Ronald Beesley, who initiated me decisively into the healing ministry, has remained the most shadowy of my three mentors. I lost contact with him several years after my two weeks' stay at his healing centre which he called the "College of Psychotherapeutics". I was less close to him, either emotionally or spiritually, than to Mary and Constance. His healing centre was some distance away from London, and his phenomenal psychic powers were peripheral to my particular way: a devotion to spiritual growth as expounded by the world's great mystical tradition, the perennial philosophy that we have already considered. I continued to hear about the fine work he was doing in healing and psychic counselling and also as a teacher of increasing stature. An impressive body of disciples followed him, and he took groups of them to centres of spiritual power in Europe and the Holy Land. I never felt any special inclination to follow him either in his healing practice or on his travels, much as I revered his expertise and rejoiced in his assistance to so many different types of people. And yet I was never far from his warm, healing presence, no matter how much our paths might have diverged. He died tragically in a road-traffic accident when he and a group of his followers were on tour in India. I have heard it said that he had had misgivings about this particular tour - one among so many in his active life - but in the end he decided to go. It is clear that the die was cast before the journey, and he went to his death with his usual courage and good humour. His work continues to be propagated by some of his closest associates. I am told that they are doing very good work both in teaching and healing. However, a psychic genius of Ronald's stature would be hard to emulate. Gifts come from God, but teaching can be perpetuated by human sources in contact with the master.

The life of Jesus illustrates this principle especially well, except that his teaching, transmitted by an oral tradition, is sometimes fragmented and also probably excessively biased against the Pharisees who, after all, were the bastions of the Jewish spirituality of that time, and whose views, especially concerning the life of the world to come, had features in common with that of the early Christian proclamation. On the one hand, the written law is more immediately authoritative than the oral tradition, but on the other it can be so revered in its own right that it is in danger of becoming a prison rather than a way of life. I personally do not regret that Jesus left us no authentic written records, for he too was a child of his particular time and place and therefore inevitably subject to its limitations. This is the meaning of incarnation and also its price. But the essence of his teachings is eternally true. "The written law condemns to death, but the Spirit gives life" (2 Corinthians 3:6).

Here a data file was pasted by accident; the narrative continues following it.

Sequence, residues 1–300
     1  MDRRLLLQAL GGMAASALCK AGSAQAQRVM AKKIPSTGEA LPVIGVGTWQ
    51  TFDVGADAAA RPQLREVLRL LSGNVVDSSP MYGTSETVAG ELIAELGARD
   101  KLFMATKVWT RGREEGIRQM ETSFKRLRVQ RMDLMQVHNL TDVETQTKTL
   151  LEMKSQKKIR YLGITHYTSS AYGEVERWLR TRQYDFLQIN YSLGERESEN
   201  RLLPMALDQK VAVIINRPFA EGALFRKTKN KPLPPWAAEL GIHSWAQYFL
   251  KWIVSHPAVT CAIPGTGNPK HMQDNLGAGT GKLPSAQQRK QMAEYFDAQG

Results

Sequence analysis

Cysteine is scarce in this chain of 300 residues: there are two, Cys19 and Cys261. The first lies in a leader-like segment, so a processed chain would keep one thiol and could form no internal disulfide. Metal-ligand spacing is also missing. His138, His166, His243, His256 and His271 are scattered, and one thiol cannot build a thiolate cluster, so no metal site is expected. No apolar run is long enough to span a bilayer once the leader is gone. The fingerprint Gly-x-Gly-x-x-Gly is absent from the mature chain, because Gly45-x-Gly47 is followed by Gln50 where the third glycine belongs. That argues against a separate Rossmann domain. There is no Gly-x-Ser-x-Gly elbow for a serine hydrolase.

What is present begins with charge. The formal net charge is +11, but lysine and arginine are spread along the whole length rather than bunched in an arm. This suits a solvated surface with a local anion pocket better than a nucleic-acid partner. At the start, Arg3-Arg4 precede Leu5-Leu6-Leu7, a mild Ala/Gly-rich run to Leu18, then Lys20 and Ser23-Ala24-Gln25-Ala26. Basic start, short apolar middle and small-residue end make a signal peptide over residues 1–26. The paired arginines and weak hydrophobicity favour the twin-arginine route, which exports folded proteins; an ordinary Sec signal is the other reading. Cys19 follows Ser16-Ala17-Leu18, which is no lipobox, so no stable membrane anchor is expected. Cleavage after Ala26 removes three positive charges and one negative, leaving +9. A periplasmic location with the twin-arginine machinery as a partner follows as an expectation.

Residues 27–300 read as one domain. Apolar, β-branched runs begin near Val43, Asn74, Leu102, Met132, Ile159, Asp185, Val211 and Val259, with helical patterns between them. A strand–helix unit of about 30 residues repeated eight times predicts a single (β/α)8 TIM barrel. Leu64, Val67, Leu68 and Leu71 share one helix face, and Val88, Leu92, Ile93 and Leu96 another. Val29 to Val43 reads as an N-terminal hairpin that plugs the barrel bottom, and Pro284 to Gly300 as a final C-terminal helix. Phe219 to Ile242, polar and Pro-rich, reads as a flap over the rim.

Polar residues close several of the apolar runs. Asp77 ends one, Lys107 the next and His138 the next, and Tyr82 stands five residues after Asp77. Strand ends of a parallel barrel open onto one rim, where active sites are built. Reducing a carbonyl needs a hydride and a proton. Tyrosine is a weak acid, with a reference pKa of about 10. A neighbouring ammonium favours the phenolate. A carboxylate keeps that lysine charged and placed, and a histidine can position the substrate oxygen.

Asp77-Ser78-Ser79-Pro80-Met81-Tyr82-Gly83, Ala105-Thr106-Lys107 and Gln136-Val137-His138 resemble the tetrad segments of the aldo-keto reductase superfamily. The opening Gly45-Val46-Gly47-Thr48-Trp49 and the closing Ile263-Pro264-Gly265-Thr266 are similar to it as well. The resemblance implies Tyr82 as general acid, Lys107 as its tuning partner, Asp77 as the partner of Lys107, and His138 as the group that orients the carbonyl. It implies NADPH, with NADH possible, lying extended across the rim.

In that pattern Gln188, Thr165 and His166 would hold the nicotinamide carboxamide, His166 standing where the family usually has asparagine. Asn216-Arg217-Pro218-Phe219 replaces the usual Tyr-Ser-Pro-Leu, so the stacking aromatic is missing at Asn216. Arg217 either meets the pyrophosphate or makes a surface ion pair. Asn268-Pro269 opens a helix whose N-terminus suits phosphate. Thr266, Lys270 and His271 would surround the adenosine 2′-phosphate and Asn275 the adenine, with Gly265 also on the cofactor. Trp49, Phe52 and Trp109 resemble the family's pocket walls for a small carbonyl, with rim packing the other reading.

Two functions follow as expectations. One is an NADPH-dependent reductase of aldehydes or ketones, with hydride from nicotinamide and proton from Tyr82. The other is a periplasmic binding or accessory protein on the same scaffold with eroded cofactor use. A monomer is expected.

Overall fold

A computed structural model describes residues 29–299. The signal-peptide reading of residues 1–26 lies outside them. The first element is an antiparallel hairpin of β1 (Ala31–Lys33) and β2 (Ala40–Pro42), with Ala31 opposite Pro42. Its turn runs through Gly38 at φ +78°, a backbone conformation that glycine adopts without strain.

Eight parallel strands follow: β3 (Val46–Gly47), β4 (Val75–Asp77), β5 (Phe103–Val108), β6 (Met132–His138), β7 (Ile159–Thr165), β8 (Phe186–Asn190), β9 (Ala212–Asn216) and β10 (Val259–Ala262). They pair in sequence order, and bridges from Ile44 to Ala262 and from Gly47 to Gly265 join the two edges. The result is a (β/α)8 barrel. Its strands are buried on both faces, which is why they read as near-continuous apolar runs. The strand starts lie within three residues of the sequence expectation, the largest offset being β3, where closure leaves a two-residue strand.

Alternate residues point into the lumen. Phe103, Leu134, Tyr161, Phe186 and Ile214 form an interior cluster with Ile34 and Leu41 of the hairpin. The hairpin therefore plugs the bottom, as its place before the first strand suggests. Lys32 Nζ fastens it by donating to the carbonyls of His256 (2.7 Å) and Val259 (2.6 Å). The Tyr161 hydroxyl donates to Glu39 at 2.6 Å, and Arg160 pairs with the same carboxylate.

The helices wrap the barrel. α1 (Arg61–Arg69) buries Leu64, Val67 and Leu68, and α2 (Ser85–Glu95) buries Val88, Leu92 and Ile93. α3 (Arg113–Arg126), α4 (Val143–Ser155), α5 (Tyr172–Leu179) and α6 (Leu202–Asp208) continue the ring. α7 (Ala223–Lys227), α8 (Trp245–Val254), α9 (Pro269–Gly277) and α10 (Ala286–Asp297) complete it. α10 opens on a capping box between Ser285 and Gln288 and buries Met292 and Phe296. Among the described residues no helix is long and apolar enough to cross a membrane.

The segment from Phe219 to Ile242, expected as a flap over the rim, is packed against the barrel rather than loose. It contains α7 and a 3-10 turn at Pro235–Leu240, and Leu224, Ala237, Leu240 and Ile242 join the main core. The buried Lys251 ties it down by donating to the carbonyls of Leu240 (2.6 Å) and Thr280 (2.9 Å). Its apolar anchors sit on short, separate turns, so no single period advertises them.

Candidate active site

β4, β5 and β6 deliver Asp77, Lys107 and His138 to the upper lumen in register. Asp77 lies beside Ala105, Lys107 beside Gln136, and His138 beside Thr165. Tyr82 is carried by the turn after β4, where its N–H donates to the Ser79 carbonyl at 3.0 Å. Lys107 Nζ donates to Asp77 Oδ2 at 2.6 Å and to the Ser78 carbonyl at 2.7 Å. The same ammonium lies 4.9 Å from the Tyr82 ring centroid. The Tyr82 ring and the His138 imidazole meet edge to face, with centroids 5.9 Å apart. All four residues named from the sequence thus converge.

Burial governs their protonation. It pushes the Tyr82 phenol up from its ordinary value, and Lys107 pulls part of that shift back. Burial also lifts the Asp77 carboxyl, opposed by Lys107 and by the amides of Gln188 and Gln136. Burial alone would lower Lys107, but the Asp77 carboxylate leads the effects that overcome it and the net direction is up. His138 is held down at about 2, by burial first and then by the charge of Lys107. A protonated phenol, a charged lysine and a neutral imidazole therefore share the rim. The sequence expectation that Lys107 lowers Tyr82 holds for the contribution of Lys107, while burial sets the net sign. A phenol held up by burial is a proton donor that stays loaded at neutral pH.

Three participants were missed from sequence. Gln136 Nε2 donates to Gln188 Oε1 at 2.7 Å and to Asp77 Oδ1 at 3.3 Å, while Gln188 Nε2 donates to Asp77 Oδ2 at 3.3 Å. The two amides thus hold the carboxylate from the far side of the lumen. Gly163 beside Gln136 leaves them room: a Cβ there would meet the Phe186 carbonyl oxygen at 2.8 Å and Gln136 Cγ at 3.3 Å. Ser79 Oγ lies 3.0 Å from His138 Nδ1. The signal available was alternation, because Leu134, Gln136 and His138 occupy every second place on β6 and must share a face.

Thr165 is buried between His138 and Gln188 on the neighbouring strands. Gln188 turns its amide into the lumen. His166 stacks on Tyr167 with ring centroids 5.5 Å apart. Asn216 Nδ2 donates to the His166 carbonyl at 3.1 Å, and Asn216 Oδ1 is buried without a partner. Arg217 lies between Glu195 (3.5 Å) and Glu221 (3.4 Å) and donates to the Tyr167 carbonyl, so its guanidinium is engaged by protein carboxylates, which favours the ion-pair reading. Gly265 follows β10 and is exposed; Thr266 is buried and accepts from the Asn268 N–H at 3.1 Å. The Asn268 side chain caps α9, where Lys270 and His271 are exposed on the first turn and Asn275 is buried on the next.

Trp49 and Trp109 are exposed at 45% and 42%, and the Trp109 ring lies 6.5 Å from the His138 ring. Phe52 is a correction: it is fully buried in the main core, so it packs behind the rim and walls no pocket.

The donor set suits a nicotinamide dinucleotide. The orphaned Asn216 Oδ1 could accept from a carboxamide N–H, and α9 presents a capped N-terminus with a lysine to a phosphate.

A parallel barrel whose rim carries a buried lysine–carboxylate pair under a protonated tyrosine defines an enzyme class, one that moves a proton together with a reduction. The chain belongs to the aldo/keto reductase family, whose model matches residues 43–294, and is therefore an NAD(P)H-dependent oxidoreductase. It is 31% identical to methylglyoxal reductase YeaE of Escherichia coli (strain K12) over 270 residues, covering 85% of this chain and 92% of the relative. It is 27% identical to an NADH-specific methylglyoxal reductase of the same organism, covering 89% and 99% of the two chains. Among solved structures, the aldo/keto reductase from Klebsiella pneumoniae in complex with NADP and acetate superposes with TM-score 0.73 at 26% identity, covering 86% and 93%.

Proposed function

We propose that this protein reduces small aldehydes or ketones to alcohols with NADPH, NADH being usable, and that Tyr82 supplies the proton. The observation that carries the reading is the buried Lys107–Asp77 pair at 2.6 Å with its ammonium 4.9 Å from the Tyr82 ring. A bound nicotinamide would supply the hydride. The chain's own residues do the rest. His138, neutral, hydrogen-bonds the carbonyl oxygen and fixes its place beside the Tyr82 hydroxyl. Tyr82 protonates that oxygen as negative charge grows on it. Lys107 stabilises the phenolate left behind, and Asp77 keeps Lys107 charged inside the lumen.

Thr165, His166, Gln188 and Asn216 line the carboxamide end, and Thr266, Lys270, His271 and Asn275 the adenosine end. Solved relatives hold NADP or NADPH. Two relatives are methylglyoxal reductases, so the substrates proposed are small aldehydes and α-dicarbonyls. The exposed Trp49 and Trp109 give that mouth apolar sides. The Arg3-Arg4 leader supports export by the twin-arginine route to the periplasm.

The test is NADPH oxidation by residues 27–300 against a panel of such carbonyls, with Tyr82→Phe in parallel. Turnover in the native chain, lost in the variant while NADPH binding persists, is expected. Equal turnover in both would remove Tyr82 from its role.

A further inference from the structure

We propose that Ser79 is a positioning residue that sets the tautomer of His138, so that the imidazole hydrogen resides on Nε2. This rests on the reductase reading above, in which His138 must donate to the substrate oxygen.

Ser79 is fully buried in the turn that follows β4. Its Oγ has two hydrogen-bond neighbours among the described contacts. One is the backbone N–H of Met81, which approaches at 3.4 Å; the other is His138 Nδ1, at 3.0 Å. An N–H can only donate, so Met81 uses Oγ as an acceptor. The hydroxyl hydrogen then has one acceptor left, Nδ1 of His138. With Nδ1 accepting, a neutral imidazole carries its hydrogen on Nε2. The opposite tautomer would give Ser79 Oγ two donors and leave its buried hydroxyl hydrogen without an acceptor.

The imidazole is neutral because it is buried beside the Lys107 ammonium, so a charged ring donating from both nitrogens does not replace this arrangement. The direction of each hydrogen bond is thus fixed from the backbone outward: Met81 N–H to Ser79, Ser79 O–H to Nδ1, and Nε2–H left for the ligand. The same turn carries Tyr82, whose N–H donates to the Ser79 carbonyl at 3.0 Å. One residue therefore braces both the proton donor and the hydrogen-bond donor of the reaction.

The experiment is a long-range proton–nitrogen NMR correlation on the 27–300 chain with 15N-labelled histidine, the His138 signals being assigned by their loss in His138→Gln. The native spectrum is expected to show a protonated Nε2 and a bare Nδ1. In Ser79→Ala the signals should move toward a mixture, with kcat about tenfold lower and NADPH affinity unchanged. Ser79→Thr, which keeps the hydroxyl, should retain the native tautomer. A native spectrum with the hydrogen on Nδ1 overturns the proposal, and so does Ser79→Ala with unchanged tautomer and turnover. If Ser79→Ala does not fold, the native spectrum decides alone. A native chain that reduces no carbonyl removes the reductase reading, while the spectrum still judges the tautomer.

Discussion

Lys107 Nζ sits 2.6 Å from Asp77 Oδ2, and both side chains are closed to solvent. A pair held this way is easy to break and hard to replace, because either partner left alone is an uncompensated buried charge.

When I meditate upon the lives of these three gifted people, I sense that their loneliness was profound even when they were surrounded by crowds of admirers. My thoughts go back also to Jesus' isolation even in the midst of his well-meaning but obtuse disciples. He said to one doctor of the law who offered to follow him wherever he went; "Foxes have holes, the birds their nests, but the Son of Man has nowhere to lay his head" (Matthew 8:19-20). In the collateral account of Luke 9:57-58, it is a man on the road who makes this offer of discipleship. I do not believe that Jesus is stressing the frugality of his life so much as its unceasing labour. He is out so frequently on his mission, and therefore either living rough or in somebody else's house, that he has no permanent home of his own. Though extremely well-known, he is yet essentially a visitor, indeed a stranger. So, of course, are we all during our brief sojourn in this world, but the spiritual pioneer can no longer hide himself among the throng. He has to stand out from it, proclaim his mission, and wait for acclaim, misunderstanding, death and final resurrection in the path of the One who shows the way: Jesus Christ (and all those who preceded him in the work of faith, whose actions are celebrated so unforgettably in Hebrews 11).